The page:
Sanctioned Russian Bank Confirms It Met With Trump's Son-In-Law

In what is emerging as the latest headache for Donald Trump, a state-run Russian bank which has been under U.S. economic sanctions since 2014 disclosed on Monday that its executives had met Jared Kushner, Trump's son-in-law and key policy adviser, during the 2016 election campaign. As reported previously, Kushner has been asked to discuss the contact, and a meeting during the same period with the Russian ambassador, with a Senate committee probing Russia’s alleged interference in the 2016 election.

Executives of Russian state development bank Vnesheconombank (VEB) had talks with Kushner during a bank roadshow in 2016 when it was preparing a new strategy, the bank said as reported by Reuters. "As part of the preparation of the new strategy, executives of Vnesheconombank met with representatives of leading financial institutes in Europe, Asia and America multiple times during 2016," VEB said in an emailed statement.

It said roadshow meetings took place "with a number of representatives of the largest banks and business establishments of the United States, including Jared Kushner, the head of Kushner Companies."

VEB declined to say where the meetings took place or the dates. U.S. officials said that after meeting with Russian Kislyak at Trump Tower last December, a meeting also attended by Flynn, Kushner met later in December with Sergei Gorkov, the CEO of Vnesheconombank. White House spokeswoman Hope Hicks confirmed the meetings.

That said, simply meeting with representatives of a U.S.-sanctioned entity is not a violation of sanctions or against the law, although we doubt the media will focus on that nuance.

A bigger circumstantial problem may be that Evgeny Buryakov, 41, a Russian citizen who worked at Vnesheconombank and whom U.S. authorities accused of posing as a banker while participating in a New York spy ring, pleaded guilty to a criminal conspiracy charge on Friday. Buryakov admitted in federal court in Manhattan to acting as an agent for the Russian government without notifying U.S. authorities. He was sentenced to 30 months in US prison.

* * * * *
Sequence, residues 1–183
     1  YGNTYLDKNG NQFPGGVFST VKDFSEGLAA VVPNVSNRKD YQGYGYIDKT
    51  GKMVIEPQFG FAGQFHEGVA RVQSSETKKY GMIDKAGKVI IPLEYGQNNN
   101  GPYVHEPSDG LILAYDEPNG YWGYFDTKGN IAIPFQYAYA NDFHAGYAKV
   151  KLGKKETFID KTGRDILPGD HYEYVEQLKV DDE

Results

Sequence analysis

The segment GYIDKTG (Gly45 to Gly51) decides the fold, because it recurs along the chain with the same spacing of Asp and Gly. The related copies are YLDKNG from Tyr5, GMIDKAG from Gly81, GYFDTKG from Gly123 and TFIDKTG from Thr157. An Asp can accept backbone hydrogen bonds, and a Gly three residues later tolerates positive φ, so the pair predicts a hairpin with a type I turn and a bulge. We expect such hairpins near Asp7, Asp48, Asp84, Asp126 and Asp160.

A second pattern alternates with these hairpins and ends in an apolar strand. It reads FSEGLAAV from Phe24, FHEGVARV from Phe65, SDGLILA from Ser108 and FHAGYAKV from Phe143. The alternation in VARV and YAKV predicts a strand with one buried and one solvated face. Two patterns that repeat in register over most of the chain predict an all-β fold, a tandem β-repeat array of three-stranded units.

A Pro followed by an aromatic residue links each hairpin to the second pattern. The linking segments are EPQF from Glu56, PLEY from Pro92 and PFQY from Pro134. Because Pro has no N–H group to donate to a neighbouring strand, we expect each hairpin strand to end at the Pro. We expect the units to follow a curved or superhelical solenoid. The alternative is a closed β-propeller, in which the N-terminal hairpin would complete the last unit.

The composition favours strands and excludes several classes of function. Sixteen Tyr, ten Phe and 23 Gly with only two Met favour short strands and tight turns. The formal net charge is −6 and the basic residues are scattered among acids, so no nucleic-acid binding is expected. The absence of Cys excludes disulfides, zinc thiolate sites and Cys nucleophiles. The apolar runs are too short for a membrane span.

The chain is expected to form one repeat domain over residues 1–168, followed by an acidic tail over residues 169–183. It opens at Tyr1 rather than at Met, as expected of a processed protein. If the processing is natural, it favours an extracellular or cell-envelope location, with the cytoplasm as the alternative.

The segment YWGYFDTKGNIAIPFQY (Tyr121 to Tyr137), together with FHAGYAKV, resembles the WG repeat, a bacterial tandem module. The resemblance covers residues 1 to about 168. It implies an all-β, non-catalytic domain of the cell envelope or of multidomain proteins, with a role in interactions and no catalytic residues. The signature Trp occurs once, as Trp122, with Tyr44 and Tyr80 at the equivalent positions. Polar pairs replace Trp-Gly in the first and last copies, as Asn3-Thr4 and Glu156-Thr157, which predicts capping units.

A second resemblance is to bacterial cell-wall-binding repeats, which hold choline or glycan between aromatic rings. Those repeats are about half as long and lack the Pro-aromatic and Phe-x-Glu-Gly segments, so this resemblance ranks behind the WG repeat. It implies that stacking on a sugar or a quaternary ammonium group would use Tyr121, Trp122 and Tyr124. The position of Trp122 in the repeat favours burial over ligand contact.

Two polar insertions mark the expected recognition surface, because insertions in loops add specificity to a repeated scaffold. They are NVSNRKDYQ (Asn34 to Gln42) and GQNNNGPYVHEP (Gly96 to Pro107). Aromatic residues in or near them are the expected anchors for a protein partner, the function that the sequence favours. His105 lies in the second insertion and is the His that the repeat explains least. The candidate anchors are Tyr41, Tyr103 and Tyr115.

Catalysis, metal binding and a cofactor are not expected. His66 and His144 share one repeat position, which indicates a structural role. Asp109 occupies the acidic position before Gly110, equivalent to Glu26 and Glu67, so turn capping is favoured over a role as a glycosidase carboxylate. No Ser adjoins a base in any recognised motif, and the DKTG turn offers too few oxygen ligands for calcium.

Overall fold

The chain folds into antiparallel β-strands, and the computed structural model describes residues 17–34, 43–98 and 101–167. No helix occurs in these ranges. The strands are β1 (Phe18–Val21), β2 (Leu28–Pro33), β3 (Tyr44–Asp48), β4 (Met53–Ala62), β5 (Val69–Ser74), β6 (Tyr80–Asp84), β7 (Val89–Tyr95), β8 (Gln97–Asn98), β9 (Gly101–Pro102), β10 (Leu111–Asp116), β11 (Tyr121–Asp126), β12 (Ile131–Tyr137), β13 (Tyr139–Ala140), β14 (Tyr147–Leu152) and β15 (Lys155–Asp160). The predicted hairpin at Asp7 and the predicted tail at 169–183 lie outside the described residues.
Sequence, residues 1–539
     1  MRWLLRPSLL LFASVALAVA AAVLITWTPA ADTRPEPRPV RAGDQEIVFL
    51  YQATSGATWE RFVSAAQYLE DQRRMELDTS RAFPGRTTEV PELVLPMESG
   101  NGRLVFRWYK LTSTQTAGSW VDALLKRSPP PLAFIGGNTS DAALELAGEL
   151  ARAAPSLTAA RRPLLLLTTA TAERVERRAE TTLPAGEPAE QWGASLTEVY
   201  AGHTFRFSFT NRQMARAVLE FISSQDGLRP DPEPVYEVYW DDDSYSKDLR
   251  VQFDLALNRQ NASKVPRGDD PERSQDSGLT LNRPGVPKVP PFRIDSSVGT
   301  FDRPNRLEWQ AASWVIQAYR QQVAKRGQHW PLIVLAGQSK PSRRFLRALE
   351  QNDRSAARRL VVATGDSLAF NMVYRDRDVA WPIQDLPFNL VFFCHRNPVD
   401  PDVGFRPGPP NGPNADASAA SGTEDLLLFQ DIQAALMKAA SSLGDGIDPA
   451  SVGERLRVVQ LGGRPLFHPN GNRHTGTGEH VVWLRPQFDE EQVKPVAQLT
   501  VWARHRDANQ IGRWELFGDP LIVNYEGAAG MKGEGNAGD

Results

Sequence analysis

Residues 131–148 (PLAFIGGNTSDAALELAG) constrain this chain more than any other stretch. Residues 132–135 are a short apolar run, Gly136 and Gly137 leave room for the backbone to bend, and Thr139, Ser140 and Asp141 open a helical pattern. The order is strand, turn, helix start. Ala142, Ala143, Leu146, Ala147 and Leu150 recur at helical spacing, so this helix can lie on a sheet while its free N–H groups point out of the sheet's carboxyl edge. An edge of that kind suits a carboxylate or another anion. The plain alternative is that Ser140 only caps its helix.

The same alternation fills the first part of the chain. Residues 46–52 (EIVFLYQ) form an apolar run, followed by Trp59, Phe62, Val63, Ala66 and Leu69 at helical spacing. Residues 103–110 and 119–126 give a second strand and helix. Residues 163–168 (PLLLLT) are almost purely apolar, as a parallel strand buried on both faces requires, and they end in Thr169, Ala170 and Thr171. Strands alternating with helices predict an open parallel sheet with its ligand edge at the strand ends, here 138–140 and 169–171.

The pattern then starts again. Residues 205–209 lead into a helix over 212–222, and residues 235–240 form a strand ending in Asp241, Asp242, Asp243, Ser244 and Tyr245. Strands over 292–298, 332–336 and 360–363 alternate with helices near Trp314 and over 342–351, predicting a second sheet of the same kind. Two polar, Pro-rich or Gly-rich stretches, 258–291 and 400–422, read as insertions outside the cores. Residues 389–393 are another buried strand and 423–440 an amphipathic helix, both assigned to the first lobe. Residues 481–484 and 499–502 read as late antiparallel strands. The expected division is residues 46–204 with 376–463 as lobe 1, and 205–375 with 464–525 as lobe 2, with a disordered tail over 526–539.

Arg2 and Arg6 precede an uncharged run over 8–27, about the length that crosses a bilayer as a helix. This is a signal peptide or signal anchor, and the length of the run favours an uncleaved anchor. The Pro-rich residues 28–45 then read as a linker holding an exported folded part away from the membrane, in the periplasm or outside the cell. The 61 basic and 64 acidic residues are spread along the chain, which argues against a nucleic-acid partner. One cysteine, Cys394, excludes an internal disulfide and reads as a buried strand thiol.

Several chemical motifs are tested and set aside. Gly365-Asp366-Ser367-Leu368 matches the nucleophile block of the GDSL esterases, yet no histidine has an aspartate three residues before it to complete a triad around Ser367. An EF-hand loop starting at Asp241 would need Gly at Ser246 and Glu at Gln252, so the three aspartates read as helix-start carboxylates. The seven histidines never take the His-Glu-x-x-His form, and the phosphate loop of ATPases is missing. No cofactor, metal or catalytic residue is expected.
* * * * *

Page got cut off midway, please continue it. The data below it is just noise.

Additionally, Gorkov, the bank’s chairman, graduated in 1994 from the Academy of the Federal Security Service of Russia, the Russian school for intelligence officials, i.e., spies. He later worked for the now-defunct Russian oil giant Yukos and state-controlled Sberbank before taking the top job at VEB. As the WSJ reminds us, the plunge in oil prices and Western sanctions over the Ukraine crisis had  pushed the bank into financial trouble, forcing the Russian government to undertake a bailout.

The White House said Kushner was simply doing his job by holding this meeting, although Obama sanctioned the bank in 2014 after the Ukraine coup and subsequent hostilities with Russia, and contacts with Russia have landed other Trump associates in hot water.

Earlier on Monday, White House spokesman Sean Spicer told reporters that Kushner is willing to testify to the Senate Intelligence Committee chaired by U.S. Senator Richard Burr, a North Carolina Republican. “Throughout the campaign and the transition, Jared served as the official primary point of contact with foreign governments and officials ... and so, given this role, he volunteered to speak with Chairman Burr's committee, but has not received any confirmation regarding a time for a meeting," Spicer told reporters at his daily briefing. The Republican and Democratic leaders of the Senate panel also said Kushner had agreed to be interviewed.

Allegations by U.S. intelligence agencies that Russian actors were behind hacking of senior Democratic Party operatives and spreading disinformation linger over Trump's young presidency. Democrats charge the Russians wanted to tilt the election toward the Republican, a claim dismissed by Trump. Russia denies the allegations.